EPA to see $1.6 billion funding cut, unsure how it will impact Florida programs

A six-month spending bill unveiled by House Republicans Monday night would see large cuts in environmental spending in the U.S. According to Politico, the Environmental Protection Agency's budget would be come in about $1.6 billion below 2010’s funding. That adds up to a 16 percent cut to the EPA, and could lead to drastic reductions in funding for some of the agency's key projects.

How can less prescription drug monitoring lead to fewer pill mills?

Greg Giordano, a legislative aide to state Sen. Mike Fasano, R-New Port Richey, had this to say about an article posted on the Florida House website that misleadingly quotes studies on the effectiveness of prescription drug monitoring programs: By selectively quoting from the study the House reveals its unwillingness to acknowledge the potential value of the PDMP here in Florida.
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Additional $1.5 million in taxpayer dollars has gone to controversial abstinence program Project SOS

Project SOS — the Jacksonville abstinence education program whose founder has endorsed the work of Ugandan Pastor Martin Ssempa, a vocal proponent of legislation (.pdf) in that country that prescribes the death penalty for homosexuality — has received $1.5 million in funding through the Florida Department of Health since 2001, according to a department representative. That money is in addition to the $6.5 million awarded Project SOS from the federal government since 2002.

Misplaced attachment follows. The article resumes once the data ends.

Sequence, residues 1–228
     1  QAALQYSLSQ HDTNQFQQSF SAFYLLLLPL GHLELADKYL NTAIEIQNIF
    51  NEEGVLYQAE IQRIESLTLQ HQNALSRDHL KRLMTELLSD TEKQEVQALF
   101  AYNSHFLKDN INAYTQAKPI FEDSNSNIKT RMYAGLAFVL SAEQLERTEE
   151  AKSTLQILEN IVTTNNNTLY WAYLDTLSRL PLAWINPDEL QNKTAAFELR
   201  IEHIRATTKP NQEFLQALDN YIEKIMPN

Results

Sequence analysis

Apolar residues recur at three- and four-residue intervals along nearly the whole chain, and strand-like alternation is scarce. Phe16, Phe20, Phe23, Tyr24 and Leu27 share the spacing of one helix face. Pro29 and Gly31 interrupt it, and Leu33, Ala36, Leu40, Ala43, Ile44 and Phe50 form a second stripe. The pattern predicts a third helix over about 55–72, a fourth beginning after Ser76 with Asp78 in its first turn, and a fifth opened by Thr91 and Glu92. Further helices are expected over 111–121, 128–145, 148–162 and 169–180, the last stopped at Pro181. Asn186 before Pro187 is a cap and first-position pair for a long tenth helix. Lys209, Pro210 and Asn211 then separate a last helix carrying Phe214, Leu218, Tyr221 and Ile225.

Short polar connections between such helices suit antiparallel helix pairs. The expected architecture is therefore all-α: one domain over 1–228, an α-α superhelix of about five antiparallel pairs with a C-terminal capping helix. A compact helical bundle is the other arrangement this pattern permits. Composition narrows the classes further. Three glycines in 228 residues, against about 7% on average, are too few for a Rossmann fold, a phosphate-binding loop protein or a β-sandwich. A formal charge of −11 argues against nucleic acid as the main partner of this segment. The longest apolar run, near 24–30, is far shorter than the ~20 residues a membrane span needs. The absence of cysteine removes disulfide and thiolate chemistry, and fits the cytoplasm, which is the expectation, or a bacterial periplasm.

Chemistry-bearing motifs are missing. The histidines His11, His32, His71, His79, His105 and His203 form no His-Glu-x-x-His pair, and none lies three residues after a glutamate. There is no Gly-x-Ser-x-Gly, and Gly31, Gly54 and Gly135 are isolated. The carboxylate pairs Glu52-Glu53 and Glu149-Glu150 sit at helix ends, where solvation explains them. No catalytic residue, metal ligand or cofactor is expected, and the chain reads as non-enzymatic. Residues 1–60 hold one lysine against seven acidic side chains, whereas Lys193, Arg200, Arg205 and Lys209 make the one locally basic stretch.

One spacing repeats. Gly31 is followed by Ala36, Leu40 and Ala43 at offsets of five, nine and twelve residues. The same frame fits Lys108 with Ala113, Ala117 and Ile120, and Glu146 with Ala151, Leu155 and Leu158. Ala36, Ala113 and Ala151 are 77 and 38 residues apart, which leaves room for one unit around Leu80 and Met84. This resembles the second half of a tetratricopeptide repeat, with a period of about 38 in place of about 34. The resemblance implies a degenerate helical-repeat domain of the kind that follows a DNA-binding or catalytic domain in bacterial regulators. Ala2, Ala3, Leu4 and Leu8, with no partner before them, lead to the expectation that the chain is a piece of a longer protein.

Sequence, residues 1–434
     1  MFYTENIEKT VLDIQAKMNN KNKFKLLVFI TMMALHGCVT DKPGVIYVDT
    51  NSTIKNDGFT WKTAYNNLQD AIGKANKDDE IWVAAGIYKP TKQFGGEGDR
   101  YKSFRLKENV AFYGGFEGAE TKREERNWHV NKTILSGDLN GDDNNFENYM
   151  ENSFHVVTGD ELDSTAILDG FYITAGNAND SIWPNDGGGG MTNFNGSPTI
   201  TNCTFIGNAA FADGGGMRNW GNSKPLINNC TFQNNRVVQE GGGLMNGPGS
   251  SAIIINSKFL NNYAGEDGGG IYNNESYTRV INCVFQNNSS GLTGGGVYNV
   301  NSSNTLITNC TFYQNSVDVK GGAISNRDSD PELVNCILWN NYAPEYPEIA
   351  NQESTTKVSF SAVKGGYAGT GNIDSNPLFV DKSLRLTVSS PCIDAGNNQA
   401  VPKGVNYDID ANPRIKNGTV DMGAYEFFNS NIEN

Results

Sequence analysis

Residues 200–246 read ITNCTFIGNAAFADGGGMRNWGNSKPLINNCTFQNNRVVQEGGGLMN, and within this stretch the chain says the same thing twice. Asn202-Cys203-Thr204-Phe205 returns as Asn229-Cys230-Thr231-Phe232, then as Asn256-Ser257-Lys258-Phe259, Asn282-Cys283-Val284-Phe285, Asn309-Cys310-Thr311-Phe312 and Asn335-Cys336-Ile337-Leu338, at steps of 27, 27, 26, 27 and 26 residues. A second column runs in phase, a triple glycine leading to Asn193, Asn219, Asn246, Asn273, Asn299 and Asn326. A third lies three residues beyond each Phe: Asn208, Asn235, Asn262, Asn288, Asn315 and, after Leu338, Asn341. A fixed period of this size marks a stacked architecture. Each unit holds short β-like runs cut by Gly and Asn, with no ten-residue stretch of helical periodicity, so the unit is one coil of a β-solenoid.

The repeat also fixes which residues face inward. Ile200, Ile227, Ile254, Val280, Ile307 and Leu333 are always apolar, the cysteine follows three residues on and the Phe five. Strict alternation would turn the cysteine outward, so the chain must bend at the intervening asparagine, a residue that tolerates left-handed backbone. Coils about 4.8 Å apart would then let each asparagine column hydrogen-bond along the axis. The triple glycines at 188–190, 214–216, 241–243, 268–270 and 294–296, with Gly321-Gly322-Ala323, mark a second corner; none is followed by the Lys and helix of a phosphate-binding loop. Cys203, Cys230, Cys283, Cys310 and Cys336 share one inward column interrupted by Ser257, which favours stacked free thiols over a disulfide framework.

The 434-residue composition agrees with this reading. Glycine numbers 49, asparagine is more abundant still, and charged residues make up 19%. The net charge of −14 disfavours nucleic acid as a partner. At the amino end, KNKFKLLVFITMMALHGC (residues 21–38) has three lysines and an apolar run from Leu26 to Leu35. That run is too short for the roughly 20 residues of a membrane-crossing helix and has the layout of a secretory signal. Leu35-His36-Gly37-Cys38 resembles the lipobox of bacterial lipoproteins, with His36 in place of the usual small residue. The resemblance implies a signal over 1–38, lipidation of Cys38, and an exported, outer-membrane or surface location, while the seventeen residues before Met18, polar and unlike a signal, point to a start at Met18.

Kentucky congressman calls on Scott to reconsider Prescription Drug Monitoring repeal

Gov. Rick Scott's proposal to repeal a Prescription Drug Monitoring Program has drawn criticism from those who see the program as a step toward ridding Florida of its so-called pill mills. Now the issue is receiving attention from outside of the state: U.S. Rep. Hal Rogers, R-Ky., last week penned a letter to Scott, calling on him to stop the repeal of the Drug Monitoring Program.

Scott, Browning sued for pulling federal approval of ‘Fair Districts’ amendments

By withdrawing the two popular Fair Districts amendments from a Department of Justice review, Gov. Rick Scott and Secretary of State Kurt Browning are causing uncertainty, delay and confusion for all those involved in the redistricting process — that's the allegation leveled in a lawsuit filed yesterday against the two by the League of Women Voters, the state NAACP, Democracia Ahora and others.